Wood Scavenging #2: Mulberry & Osage Orange @ the Mill

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Blog entry by Eric M. Saperstein posted 01-10-2012 04:09 AM 3443 reads 0 times favorited 7 comments Add to Favorites Watch
« Part 1: Woodworkers make GREAT scavengers ... Part 2 of Wood Scavenging series Part 3: Walnut and Black Locust in the Mix »

As we progress w/ our wood scavenging the mill is doing their job and things are being sliced and stacked! There appears to be 22 slabs of mulberry (we get half) ... there’s a pile of misc chunks under this too that will be interesting. One mainly we want for a table base. Hoping to have this in hand in a couple months, its hitting the kiln next in line.

Waiting to see what kinda figuring (if any) we scored in this lot.

So far looks like 34 labs of osage orange – plus the caps and we have I believe 8 more logs to be milled. Hard to guess what we’ll finalize with but hoping for about 70 slices to split with the mill. They are slicing to a full 7/4” so when we’re done cleanup we have full 6/4” to make too handles and other interesting projects. We also have the branches to turn for mallets and other larger diameter projects.

It’ll be a while before we have osage in hand once it’s all sliced – this is all destined for the kiln and it’s a few out in line. This wood game is NOT for the instant gratification crowd! When I get wood I wanna use it right away …

-- Eric M. Saperstein, Master Craftsman

7 comments so far

View grizzman's profile


7836 posts in 3354 days

#1 posted 01-10-2012 04:20 AM

what fun to get it , split it with the mill , your happy , there happy…ive had the same chance, except i have been to greedy and wanted all the wood myself, so i had to pay for it…but, i think its a great thing to do…would love some osage orange…grizz

-- GRIZZMAN ...[''''']

View Charles Maxwell's profile

Charles Maxwell

1099 posts in 3858 days

#2 posted 01-10-2012 04:56 AM

Would make a nice clock! Let’s talk wood trade!

-- Max the "night janitor" at

View randomray's profile


111 posts in 3075 days

#3 posted 01-10-2012 05:17 AM

Ha , I would love a piece of the osage orange . sigh …

-- Anybody can break something it takes skill to make or repair stuff .

View Eric M. Saperstein's profile

Eric M. Saperstein

766 posts in 3299 days

#4 posted 01-10-2012 05:25 AM

I do want it all … but alas I keep giving them all my money for other wood! ... I just bought a purple-ish colored S curved walnut bench flitch today. IDK why … other than the fact that it was neat.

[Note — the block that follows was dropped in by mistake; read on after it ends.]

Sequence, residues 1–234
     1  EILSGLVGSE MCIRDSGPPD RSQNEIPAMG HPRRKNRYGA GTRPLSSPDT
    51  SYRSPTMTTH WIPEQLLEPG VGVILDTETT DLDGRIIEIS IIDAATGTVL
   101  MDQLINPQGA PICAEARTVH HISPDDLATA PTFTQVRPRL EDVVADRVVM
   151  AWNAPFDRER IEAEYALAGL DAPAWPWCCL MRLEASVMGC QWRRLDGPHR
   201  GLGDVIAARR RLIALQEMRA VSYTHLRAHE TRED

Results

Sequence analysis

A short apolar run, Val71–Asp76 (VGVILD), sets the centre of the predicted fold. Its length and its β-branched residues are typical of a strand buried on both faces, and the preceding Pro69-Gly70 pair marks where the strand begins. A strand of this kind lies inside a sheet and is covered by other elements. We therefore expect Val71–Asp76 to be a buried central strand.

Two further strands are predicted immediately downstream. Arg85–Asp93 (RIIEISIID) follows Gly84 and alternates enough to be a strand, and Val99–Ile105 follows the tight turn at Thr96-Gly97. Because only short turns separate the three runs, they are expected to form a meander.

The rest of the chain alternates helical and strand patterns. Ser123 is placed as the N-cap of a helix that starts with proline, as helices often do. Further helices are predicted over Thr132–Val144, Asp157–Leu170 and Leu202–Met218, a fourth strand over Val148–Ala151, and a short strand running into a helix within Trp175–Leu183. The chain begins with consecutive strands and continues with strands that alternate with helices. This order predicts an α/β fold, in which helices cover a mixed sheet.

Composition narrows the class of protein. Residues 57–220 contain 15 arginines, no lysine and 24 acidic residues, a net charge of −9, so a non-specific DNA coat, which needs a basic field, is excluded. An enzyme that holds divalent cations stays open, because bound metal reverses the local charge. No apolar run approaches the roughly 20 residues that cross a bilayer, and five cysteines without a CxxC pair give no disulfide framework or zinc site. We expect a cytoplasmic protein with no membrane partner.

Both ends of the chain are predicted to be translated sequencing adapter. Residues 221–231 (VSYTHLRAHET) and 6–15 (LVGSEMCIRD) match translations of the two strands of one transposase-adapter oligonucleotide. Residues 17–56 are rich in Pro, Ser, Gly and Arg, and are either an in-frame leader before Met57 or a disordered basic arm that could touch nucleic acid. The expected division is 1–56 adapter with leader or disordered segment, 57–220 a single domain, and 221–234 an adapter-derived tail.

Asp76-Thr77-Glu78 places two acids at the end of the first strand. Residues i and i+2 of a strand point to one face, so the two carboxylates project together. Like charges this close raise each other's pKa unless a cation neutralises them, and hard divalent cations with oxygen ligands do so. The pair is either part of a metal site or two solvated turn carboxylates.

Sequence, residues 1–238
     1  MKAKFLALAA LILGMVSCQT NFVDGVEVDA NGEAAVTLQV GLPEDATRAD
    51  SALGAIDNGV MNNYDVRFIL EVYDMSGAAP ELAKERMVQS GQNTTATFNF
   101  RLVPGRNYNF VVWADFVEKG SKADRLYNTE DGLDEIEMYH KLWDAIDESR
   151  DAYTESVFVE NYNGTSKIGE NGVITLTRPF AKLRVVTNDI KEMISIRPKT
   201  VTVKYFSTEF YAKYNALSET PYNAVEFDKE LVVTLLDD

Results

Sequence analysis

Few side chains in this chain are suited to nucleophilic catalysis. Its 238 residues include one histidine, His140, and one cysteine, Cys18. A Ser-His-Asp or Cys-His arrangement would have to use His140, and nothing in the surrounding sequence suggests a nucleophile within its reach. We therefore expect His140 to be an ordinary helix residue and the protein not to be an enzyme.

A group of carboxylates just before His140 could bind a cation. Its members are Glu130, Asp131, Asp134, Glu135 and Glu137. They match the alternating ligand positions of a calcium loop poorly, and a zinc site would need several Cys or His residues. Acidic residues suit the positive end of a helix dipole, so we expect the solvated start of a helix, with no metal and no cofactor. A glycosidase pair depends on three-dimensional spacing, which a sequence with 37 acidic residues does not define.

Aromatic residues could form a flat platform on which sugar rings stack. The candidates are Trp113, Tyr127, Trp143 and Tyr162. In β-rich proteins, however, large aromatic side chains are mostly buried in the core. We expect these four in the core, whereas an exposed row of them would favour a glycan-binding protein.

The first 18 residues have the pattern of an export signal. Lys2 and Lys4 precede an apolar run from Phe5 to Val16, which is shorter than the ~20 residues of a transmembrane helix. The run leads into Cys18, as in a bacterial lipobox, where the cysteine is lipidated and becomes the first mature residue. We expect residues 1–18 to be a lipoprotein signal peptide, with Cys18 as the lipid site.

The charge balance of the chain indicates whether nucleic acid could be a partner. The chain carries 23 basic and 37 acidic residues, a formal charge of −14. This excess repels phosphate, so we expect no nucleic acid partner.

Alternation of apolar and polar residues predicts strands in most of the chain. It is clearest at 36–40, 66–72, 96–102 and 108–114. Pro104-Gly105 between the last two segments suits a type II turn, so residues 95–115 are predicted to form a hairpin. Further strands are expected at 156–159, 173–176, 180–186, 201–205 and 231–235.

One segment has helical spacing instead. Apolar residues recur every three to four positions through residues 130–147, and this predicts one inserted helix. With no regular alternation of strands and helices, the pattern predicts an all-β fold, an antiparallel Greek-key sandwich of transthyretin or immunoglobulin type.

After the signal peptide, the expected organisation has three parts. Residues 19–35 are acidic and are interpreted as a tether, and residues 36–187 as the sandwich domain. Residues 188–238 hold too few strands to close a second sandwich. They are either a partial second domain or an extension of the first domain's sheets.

-- Eric M. Saperstein, Master Craftsman

View Eric M. Saperstein's profile

Eric M. Saperstein

766 posts in 3299 days

#5 posted 01-10-2012 05:31 AM

Hey we can definitely arrange wood trades! If all keeps cutting well we will have about 35-40 of these osage flitches. I’ve got leads on a few other tree’s hopefully we can snag some of those and have it milled before this batch goes in the kiln.

I hope they have an auction again – I still have a rack of wood from this lumber yard’s auction 10 years ago!

I should go through my father’s shed and inventory that, plus our shop attack. I know I have two walnut planks only 4/4” but about 20” wide up in the attack I forget how long I think 8-10ft each.

We’ve got a bunch of antique mahogany, misc beams around. I’ve passed up a lot of stuff over the years from lack of storage. If I had a bandsaw mill I’d be dangerous!

-- Eric M. Saperstein, Master Craftsman

View robert triplett's profile

robert triplett

1566 posts in 3156 days

#6 posted 01-10-2012 06:51 AM

All of that nice wood available and I can’t get my wife to move from the west coast. She just doesn’t get it!! But she does ‘let’ me buy wood quite often. I just got some Spalted Maple from Iowa and am working on some Quartersawn Sycamore from Indiana. Shipping costs as much or more than the wood, but YOU understand the appeal of WOOD. I grew up in Illinois and used to see the hedge trees ripped out and BURNED. Woodlands were converted to farmland and the wood was burned. I am glad to see you salvaging this stuff. thanks for the pictures.

-- Robert, so much inspiration here, and now time to work!!!

View Eric M. Saperstein's profile

Eric M. Saperstein

766 posts in 3299 days

#7 posted 01-10-2012 07:21 AM

Yeah so much stuff goes in the chipper it’s sick – even what makes it to the mill the market is so limited. It has to be special to be milled – all this is destined for mulch! And that’s just a FRACTION of the pile … I’m gonna dig through it when I get a moment and see if there’s anything I could possibly want. But its already been picked through.

-- Eric M. Saperstein, Master Craftsman

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